No matter the industry, it is often challenging for an organization to foster brand loyalty, and healthcare is no different. A 2021 study showed that over 33 percent of patients have no preference when it comes to a healthcare brand and over six in 10 respondents expected their preference to change after the pandemic.
Against that backdrop, it is incumbent upon healthcare organizations to find ways to set themselves apart from their competition and one of the ways of doing that is through personalized medicine. Issam Zinneh, Director of the Food and Drug Administration’s Office of Clinical Pharmacology, has said that such care has taken on many definitions, but that it is essentially “using genetic or other biomarker information to make treatment decisions about patients.” In other words, customized care. Zinneh stated:
These could include decisions about who should get certain kinds of therapies or specific doses of a given therapy, or who should be monitored more carefully because they’re predisposed to a particular safety issue.
As is the case with customers in the retail space, the patient needs to be center stage. Their unique makeup needs to be considered by clinicians and their wants and needs must be taken into account.
Personalized care dates all the way back to the ancient Egyptians and Greeks, who in their rudimentary fashion tried to ascertain the factors affecting each individual’s well-being. It wasn’t until the 20th Century that a more uniform approach to care came about – population health – but now the pendulum has swung back in the other direction.
It began in 1990 with the Human Genome Project, which sought to identify each of the estimated 20,000 to 25,000 human genes. The 13-year project confirmed that a person’s DNA profile plays a role in determining those health issues to which someone might be predisposed and that certain treatments might be more effective than others.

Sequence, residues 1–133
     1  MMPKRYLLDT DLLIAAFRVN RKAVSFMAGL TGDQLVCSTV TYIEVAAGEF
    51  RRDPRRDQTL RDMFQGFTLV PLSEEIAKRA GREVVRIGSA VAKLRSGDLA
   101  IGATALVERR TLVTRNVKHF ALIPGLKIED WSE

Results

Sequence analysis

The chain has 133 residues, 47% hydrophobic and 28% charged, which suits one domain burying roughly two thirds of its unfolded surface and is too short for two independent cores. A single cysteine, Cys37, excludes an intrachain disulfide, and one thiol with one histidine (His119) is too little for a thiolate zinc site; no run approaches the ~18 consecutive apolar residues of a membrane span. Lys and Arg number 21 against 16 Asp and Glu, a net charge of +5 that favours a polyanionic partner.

Further progress toward personalized care continued from there. One of many examples was the launch in March 2022 by Cedars-Sinai Medical Center in Los Angeles of an artificial intelligence unit, the goal of which is to use AI and machine learning to scour hospital data and make disease prevention a greater possibility. The following month, the Mayo Clinic collaborated with Vuno, a South Korean AI firm, to develop precision oncology tools.
Indeed, AI can automate image analyses and thus hasten preliminary diagnoses, as was proven when that technology was able to identify COVID-19 on chest X-rays. It can also reduce dosage errors and play a role in robot-assisted surgery. Additionally, it can ease administrative burdens, a major cause of physician burnout.
All these examples point toward a larger trend in the direction of personalized medicine. Simply put, users want the best service, and the service that best addresses their individual needs. If they don’t find it, they are perfectly willing to go elsewhere. Therein lies the challenge for each healthcare organization: They must evolve and innovate in order to continue to build patient loyalty.